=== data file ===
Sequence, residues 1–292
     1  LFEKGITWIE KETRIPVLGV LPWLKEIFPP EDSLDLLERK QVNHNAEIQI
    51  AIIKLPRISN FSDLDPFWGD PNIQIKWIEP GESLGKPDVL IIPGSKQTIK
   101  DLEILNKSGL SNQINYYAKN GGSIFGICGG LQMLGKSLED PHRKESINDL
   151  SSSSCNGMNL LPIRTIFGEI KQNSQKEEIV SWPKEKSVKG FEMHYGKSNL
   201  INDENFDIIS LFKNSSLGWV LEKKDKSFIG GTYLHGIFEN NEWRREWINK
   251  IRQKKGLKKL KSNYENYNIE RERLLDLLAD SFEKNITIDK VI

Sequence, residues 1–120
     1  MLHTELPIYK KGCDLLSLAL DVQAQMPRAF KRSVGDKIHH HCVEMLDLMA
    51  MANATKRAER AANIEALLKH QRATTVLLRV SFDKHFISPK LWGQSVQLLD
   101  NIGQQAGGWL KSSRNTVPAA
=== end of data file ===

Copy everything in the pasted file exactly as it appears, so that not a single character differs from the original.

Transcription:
Sequence, residues 1–292
     1  LFEKGITWIE KETRIPVLGV LPWLKEIFPP EDSLDLLERK QVNHNAEIQI
    51  AIIKLPRISN FSDLDPFWGD PNIQIKWIEP GESLGKPDVL IIPGSKQTIK
   101  DLEILNKSGL SNQINYYAKN GGSIFGICGG LQMLGKSLED PHRKESINDL
   151  SSSSCNGMNL LPIRTIFGEI KQNSQKEEIV SWPKEKSVKG FEMHYGKSNL
   201  INDENFDIIS LFKNSSLGWV LEKKDKSFIG GTYLHGIFEN NEWRREWINK
   251  IRQKKGLKKL KSNYENYNIE RERLLDLLAD SFEKNITIDK VI

Sequence, residues 1–120
     1  MLHTELPIYK KGCDLLSLAL DVQAQMPRAF KRSVGDKIHH HCVEMLDLMA
    51  MANATKRAER AANIEALLKH QRATTVLLRV SFDKHFISPK LWGQSVQLLD
   101  NIGQQAGGWL KSSRNTVPAA